In manufacturing, digital transformation has unlocked a myriad of opportunities over the past decade. IIoT (Industrial Internet of Things), AI (artificial intelligence), VR/AR (virtual/augmented reality) and digital twin technologies are being deployed to assist manufacturers in a range of use cases, helping to solve some of the most pressing challenges that the sector faces, particularly since the pandemic.
A report carried out by The Engineer and Essentra Components, The State of Manufacturing 2023, found that, despite facing challenges, the sector is doing well to bounce back from the global health crisis.
Over three quarters of those surveyed said that business had returned or even exceeded pre-pandemic levels of production. These positive findings came in spite of a host of difficulties reported by those working in the sector, including supply chain shortages, the skills gap and pressures to decarbonise.
Encouragingly, 90 per cent of firms surveyed said they had an active technology investment plan, and 61 per cent viewed the drive for sustainability as an opportunity rather than a threat.
“The growing focus on sustainability is driving the development of new technologies that reduce waste and energy consumption in manufacturing,” said William Graham-Park, manufacturing vertical account manager at Alcatel-Lucent Enterprise.
He added, “Additive manufacturing and other advanced manufacturing techniques, for example, can reduce material waste, while IIoT and advanced analytics can help identify areas where energy consumption can be reduced.”
Andy Needham, director of client sales EMEA at 8x8, said that manufacturers are aware of the challenges facing them regarding “green manufacturing”. That calls for meeting carbon targets, making transportation more efficient and ensuring employees are minimising carbon footprints.
“Additionally, when doing their audits for this, companies are starting to see that they have been running multiple technologies just running away in the background, using up energy. There’s a more efficient way now. And there’s a strong consideration for this because very often saving energy means saving money,” Needham commented.
Indeed, the energy crisis has been a serious concern, with Alcatel-Lucent’s Graham-Park citing it as a cause for financial headaches with some customers reporting 300 per cent increases on their energy bills.
“Thankfully, we are seeing some normalisation of prices now, as coordinate efforts from industrialised countries to re-source energy seemed to have taken effect,” he pointed out.
Nevertheless, the economic pressures faced by the sector – and the UK more broadly – in recent years has undoubtedly highlighted the importance for manufacturing and construction firms to cut costs wherever they can afford to do so.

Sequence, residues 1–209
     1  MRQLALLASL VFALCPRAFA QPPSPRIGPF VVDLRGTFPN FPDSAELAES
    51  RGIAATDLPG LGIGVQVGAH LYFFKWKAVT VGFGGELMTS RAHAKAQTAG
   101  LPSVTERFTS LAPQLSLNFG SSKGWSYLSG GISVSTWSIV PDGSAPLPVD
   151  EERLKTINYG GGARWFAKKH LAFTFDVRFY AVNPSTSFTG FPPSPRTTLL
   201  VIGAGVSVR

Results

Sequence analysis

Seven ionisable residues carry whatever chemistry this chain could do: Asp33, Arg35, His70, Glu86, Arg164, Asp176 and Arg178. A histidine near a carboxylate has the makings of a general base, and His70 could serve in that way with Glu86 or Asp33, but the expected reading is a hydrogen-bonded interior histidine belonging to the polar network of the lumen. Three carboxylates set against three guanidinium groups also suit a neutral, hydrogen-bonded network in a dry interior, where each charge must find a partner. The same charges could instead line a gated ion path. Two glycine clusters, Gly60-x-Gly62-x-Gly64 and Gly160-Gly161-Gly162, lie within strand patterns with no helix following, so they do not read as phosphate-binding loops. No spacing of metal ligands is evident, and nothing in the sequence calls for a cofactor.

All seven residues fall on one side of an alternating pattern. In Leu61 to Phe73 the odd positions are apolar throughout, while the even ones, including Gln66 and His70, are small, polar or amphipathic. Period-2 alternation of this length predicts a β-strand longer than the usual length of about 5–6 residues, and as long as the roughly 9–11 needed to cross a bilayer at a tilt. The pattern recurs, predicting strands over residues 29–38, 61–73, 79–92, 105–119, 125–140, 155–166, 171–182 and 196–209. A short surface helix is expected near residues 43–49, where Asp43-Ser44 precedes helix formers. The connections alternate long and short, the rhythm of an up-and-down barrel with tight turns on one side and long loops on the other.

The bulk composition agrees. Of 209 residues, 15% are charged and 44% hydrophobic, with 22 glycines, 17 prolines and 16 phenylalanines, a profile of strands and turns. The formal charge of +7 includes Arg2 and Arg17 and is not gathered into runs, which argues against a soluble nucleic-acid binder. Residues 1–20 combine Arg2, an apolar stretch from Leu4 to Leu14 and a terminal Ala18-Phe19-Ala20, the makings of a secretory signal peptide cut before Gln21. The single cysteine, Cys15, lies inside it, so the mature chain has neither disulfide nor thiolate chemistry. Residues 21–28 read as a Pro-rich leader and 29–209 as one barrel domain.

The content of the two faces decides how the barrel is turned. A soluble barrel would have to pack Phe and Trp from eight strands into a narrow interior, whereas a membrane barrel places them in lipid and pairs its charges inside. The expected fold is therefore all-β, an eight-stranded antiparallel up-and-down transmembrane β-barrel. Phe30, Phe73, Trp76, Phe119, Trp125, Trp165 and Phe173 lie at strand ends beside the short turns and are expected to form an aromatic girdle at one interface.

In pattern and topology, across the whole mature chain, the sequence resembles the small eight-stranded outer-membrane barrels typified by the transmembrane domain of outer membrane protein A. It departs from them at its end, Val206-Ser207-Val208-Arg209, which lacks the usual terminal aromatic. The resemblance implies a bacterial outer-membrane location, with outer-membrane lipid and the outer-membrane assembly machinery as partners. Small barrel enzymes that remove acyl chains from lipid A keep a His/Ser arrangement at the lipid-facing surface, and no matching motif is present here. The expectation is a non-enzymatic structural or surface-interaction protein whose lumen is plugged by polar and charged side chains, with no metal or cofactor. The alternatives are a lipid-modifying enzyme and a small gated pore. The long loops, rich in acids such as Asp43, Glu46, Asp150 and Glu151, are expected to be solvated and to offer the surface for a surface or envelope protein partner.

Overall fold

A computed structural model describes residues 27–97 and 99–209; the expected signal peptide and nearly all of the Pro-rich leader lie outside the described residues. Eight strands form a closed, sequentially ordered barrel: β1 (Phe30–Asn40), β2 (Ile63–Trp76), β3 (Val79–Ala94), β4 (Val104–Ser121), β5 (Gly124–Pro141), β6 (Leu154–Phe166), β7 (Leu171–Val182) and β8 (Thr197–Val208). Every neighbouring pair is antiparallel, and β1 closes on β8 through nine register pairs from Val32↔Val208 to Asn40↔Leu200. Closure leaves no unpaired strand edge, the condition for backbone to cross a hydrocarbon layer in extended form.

Recent research from industrial simulation software provider Visual Components found that almost seven in ten (69 per cent) of manufacturing decision makers agreed that their sustainability strategy had been restricted due to cost pressures.
This figure indicates a serious need that Channel partners can help to fulfil, guiding the sector toward technologies that can help to alleviate some of these pressures and find technologies that work for them and their sustainability goals while also saving money long-term.
AI is one key technology area for the sector where cost savings could prove a big advantage. Rachel Akers, construction vertical account manager at Alcatel-Lucent Enterprise explained that AI is being used in construction to analyse data, predict outcomes, and automate tasks.
“It is particularly useful for identifying and mitigating risks, improving safety, and reducing costs,” Akers said. IoT is also a key area of focus here, she explained, with similar advantages in cost savings, productivity and safety, a vital consideration in the construction environment.
“IoT-enabled devices can monitor and control building systems, equipment, and materials, helping to prevent accidents and minimise downtime,” Akers commented.
Cherie Howlett, CMO, Jola, said that mobile opportunities are “plentiful” in manufacturing as companies look to cut construction costs and improve safety and waste management.
“All construction sites need temporary telephony and Wi-Fi for site offices. At Jola, we also see high demand for 4G, 5G, M2M or IoT,” Howlett told Comms Business.
She added, “Jola partners operating in construction are providing mobile data solutions for tracking and monitoring equipment and for security solutions such as IP CCTV cameras and alarm systems to help construction sites improve security and reduce costs.”